But ongoing cuts to its funding mean that, for the first time, the council expects to pass on the government’s 2% social care levy to residents.
The 2% precept would go directly towards social care costs to support the borough’s most vulnerable people. It would pay for services such as home care for older and disabled residents, dementia support services and protecting people from abuse.
A 2% increase in the council tax band D charge is £21.20 per year and which would generate £2.3million. It is the equivalent of an extra 41pence per week on the average Band D council tax payment.
If councillors do decide to pass on the social care precept it would not generate enough funding to meet the rising demand for these services. This is why the council has had to allocate an additional £13million in 2017/18 to manage the growth in demand for adult social care. This is five and a half times more money than the social care precept.
The council has frozen council tax rates for the previous eight years through careful financial management; acting decisively to make savings; working to boost the local economy and encouraging investment in the area, including much needed new homes. This has generated millions of pounds in additional funds through business rates and council tax payments.
Council leader, Councillor Julian Bell, said: “We’ve continued to freeze council tax for as long as possible because we understand the financial pressures our residents face, especially the lowest paid."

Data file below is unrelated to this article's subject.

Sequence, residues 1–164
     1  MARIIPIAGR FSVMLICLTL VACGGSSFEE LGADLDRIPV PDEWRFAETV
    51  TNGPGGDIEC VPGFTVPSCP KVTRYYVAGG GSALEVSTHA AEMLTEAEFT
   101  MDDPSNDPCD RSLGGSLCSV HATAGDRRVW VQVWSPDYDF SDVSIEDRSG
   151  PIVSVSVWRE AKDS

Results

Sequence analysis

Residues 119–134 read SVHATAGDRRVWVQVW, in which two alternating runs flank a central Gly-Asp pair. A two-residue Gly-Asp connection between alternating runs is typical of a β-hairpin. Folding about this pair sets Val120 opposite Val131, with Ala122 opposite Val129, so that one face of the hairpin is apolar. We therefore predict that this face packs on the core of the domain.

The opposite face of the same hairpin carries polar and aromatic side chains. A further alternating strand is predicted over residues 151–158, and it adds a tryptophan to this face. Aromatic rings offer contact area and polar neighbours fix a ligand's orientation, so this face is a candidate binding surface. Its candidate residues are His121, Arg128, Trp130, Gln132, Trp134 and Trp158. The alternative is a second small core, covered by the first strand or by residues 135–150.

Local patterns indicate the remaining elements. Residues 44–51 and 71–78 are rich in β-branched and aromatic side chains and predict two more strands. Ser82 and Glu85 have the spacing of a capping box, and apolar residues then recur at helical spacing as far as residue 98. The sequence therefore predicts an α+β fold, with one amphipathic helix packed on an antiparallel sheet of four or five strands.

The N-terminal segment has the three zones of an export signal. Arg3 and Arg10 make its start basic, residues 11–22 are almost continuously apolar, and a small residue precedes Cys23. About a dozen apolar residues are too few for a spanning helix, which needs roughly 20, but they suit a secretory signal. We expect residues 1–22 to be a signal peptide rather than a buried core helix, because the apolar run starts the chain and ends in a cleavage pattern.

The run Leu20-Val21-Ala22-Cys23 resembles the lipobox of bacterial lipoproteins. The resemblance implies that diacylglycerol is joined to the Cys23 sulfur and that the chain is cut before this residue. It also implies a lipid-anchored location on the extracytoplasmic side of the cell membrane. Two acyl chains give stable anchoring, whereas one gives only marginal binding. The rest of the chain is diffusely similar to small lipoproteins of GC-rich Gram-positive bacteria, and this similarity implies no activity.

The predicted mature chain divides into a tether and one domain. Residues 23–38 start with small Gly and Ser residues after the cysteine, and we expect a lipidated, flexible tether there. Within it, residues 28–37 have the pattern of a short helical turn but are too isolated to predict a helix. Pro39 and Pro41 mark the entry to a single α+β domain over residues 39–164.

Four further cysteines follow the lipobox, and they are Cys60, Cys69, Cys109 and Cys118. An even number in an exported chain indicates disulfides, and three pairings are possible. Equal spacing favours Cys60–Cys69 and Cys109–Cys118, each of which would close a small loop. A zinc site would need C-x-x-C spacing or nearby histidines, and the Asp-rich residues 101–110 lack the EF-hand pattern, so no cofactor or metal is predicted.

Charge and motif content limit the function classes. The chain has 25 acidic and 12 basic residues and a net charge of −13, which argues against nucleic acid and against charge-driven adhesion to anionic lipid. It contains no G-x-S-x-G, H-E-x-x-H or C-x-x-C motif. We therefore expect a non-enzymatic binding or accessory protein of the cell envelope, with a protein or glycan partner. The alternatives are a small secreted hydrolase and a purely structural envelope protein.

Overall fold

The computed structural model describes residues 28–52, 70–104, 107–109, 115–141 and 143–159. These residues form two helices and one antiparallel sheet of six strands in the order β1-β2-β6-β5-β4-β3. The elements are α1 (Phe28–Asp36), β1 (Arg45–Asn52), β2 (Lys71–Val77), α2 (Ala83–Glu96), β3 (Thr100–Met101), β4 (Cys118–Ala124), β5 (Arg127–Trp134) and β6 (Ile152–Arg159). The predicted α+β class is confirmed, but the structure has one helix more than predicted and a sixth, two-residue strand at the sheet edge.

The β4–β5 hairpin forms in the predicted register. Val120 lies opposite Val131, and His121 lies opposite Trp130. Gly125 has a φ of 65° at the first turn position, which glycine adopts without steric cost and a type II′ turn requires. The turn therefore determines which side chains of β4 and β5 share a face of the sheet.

“Over the past eight years this has meant council tax payers have benefited on average from a cumulative cash saving of £1,040*.
“Despite extensive and sustained cuts to our government funding we have been successfully growing our way out of austerity. We have avoided putting up council tax, which many other boroughs have had to do, and have been investing substantially in social care.
“We remain committed to freezing core council tax for as long as possible.”
Reductions to its main government grant, increased demand for services and rising costs have meant that the council has needed to identify £168million worth of savings since 2010, approximately 80% have already been achieved, and the remainder will all have to be delivered by 2020.
The council expects its main government grant to reduce by a further £24.9million in the next four years.
Councillor Yvonne Johnson, cabinet member for finance, performance and customer services, said: “Social care is in crisis across the country and we need a national funding solution. Instead, the burden has been laid at the feet of local authorities as the government cuts funding and assumes we’ll pick up the tab.
“Looking after the borough’s most vulnerable people is one of the most vital things we do and also the most costly. But we cannot turn our backs on those who need us. Sadly this year we may have no choice but to pass on the government’s social care precept.”
Last year, the council created a special £5million social care transformation fund for children’s and adult services which will be used to redesign services so that fewer people need intensive help in future years.
If the proposals are agreed by the cabinet, the recommendations will go forward for discussion at a meeting of the full council on Tuesday, 21 February when the budget will be set for 2017/18.
Also included in residents’ council tax bills is a precept to the Greater London Authority to help pay for policing, with the Mayor’s share of council tax bills due to rise to £280.02 for Band D taxpayers, an increase of £4.02 per year – which is less than eight pence per week.